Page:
Monday, September 23, 2019
Home Tags Iceland

Tag: Iceland

Earth’s atmosphere

Changes in Earth’s Crust Caused Oxygen to Fill the Atmosphere

Scientists have long wondered how Earth’s atmosphere filled with oxygen. UBC geologist Matthijs Smit and research partner Klaus Mezger may have found the answer...
Concrete

New Studies of Ancient Concrete Could Teach Us to Do as...

A new look inside 2,000-year-old concrete – made from volcanic ash, lime (the product of baked limestone), and seawater – has provided new clues...
transportation, beacons, clever sensor device, Smart device, nanochips, type 2 diabetes, graphene, Wastewater treatment, kidney disease, cancer treatment, data transmission, sensitive robots, Photovoltaic, hydrogen mobility, genetic codes, wastewater treatment, Earthquake Defences, food waste, plastic pollution, Breast Cancer, renewable resources, energy self-sufficient, cancer, Infectious Disease in Dogs, Printed Solar Cell, chronic diseases, Radical Aircraft Engine, Infrared Sensor, Mummifying, bacterial and viral infection, steel waste gases, Hydrogen-Powered Mobility, Gene cluster identification, Equipment Waste, plant cells, biodegradable materials, climate change, biomedical devices, Stretchable Smart Sensor, brain cells, interstitium, Mediterranean diet, Bat DNA, graphene, global warming, infectious disease, INTEGRA , cancer, Huntington, man flu, black hole, Carbon dioxide, genes, Alzheimer, Brain-computer interfaces, graphene, immune system, topology, climate change, Twin Embryos, blue brain, climate change, human genome, mature B cell neoplasia, artificial iris, autonomous robot, chemotherapy, tidal energy, Nanomedicine, ecosystem, Mycotoxins, obesity, methylisation, deep drilling, brain scans, volcanic gas, biocatalyst enzymes, earthquakes, detectors, robotics, asthma sufferers, infrastructure, olive trees, solar energy, satellites, olive oil, robotic arms, zika virus, locked-in state, digital detox, climate change, climate, stroke, The new production method was developed by engineers at the University of Exeter. It consists in creating entire device arrays directly on the copper substrates used for the commercial production of graphene, after which complete and fully-functional devices can be transferred to a substrate of choice. This process has been demonstrated by producing a flexible and completely transparent graphene oxide-based humidity sensor. Not only does this device outperform currently-available commercial sensors, but it’s also cheap and easy to produce using common wafer-scale or roll-to-roll manufacturing techniques. ‘The conventional way of producing devices using graphene can be time-consuming, intricate and expensive and involves many process steps including graphene growth, film transfer, lithographic patterning and metal contact deposition,’ explains Prof David Wright from Exeter's Engineering department. ‘Our new approach is much simpler and has the very real potential to open up the use of cheap-to-produce graphene devices for a host of important applications from gas and bio-medical sensors to touch-screen displays.’ One of team’s main objectives was to increase the range of surfaces that graphene devices can be put on. Whilst the demonstrated humidity sensor was integrated in a plasdinosaur, dieting, coral, dengue epidemics, vaccines, thermal energy, artificial intelligence, Cloudlightning, Memristors, Sensory Tool, HIV, autonomous robot, offshore renewable energy, Wearable robots, processors, Artificial, climate, plasmons, Antarctica’s ice, cryogenic preservation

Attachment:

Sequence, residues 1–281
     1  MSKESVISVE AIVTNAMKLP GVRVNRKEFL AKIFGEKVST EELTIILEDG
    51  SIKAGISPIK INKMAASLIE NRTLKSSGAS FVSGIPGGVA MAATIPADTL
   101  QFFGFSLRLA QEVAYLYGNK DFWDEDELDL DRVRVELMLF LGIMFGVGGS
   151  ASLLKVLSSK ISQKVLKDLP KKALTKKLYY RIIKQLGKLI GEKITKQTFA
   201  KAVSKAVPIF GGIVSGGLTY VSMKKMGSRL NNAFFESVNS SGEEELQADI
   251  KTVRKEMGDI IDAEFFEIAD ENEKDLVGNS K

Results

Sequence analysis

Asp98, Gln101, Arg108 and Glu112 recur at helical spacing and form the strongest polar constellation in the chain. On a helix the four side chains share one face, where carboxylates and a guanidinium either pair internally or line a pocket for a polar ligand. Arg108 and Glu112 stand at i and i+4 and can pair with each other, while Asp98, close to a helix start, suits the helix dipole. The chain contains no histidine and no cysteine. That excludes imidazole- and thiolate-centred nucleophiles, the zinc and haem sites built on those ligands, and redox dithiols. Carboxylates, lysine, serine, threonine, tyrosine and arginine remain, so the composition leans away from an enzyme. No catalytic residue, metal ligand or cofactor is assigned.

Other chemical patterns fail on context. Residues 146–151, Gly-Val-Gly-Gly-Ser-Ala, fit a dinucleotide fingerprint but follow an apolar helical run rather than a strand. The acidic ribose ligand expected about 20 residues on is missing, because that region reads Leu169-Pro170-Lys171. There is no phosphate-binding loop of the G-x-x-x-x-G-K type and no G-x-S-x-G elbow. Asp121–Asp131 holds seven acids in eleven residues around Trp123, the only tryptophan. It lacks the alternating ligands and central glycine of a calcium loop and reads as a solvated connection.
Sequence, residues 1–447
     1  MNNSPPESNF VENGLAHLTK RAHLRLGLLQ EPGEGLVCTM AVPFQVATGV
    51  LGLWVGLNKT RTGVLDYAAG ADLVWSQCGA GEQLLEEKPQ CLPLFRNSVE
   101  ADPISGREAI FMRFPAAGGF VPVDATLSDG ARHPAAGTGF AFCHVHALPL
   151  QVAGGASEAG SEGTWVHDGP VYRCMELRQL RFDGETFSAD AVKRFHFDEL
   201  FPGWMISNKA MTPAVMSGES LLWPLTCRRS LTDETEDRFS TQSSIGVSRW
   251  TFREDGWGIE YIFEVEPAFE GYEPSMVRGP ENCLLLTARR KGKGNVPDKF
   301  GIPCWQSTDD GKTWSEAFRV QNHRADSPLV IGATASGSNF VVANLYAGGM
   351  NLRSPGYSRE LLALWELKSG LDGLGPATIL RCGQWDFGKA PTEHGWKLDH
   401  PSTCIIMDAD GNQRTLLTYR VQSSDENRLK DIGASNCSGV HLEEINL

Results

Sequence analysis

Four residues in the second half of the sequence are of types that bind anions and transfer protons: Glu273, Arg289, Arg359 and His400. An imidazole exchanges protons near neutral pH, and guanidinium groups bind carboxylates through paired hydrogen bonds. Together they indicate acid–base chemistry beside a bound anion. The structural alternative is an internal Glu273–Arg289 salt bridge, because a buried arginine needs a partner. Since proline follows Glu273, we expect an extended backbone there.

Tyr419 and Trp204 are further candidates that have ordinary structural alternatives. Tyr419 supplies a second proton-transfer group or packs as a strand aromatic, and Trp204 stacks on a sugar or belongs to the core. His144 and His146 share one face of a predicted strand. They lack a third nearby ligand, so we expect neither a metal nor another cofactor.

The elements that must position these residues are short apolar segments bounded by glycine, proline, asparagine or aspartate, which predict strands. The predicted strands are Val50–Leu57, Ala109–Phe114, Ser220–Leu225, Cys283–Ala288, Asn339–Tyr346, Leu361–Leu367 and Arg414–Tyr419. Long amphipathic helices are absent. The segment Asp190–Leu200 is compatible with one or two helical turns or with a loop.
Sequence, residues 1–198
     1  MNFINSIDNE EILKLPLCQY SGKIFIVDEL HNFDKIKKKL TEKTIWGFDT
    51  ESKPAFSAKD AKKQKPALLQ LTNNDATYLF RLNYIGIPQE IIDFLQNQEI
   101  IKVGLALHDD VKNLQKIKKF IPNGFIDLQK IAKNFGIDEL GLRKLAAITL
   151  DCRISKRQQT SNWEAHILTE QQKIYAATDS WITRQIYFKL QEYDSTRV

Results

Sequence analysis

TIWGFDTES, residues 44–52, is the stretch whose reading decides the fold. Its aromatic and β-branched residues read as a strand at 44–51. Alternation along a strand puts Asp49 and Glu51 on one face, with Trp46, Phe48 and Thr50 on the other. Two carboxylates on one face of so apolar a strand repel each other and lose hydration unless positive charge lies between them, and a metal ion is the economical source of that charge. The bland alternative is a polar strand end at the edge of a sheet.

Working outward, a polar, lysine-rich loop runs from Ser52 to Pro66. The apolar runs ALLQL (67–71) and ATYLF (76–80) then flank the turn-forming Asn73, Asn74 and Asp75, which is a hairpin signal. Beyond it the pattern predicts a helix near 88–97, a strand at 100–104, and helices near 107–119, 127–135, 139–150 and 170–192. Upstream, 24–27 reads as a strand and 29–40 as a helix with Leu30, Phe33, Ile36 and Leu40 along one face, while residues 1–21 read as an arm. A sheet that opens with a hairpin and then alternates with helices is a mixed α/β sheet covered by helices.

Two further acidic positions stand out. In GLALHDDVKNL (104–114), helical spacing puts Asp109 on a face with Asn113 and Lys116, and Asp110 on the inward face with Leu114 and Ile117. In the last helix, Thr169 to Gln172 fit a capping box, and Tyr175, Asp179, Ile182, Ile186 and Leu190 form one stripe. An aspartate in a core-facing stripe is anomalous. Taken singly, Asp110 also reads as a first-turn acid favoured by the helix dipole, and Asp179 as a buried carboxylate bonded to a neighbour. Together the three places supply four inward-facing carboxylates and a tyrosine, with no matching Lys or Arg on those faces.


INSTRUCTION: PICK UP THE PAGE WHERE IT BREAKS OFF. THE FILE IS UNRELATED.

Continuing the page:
Milestone Reached in Geothermal Deep Drilling Project

The results and lessons learned from the drilling process, which took 168 days, have just been published by the EU-funded DEEPEGS (Deployment of Deep...
Carbon Dioxide

Storing Carbon Dioxide Underground by Turning It into Rock

In November, the Paris Climate Agreement goes into effect to reduce global carbon emissions. To achieve the set targets, experts say capturing and storing...
greenland ice

Greenland Ice Is Melting 7 Percent Faster than Previously Thought

The same hotspot in Earth’s mantle that feeds Iceland’s active volcanoes has been playing a trick on the scientists who are trying to measure...
urban sprawl

How Can We Slow down Urban Sprawl?

With more than half of the world’s population now living in cities, urban sprawl is a growing problem — particularly in North America, where...
seaweed

Seaweed Instead of Salt

Without salt, many foods seem tasteless and bland. “Salt acts as a natural flavor enhancer, has a conserving effect and is essential for the...
carbon dioxide

Turning CO2 into rock 

An international team of scientists have found a potentially viable way to remove anthropogenic (caused or influenced by humans) carbon dioxide emissions from the...
Artificial intelligence

Artificial intelligence predicts the winners of Euro 2016 games

EPFL researchers have developed a website that calculates the likely winners of Euro 2016 soccer games, using a more complex and accurate model than...
jet engines

Don’t build your model on sand!

Volcanic ash can damage jet engines, and LMU volcanologists have developed a new empirical model for assessment of the risk. Their results show that tests using sand do not reflect the behavior of ash in this context.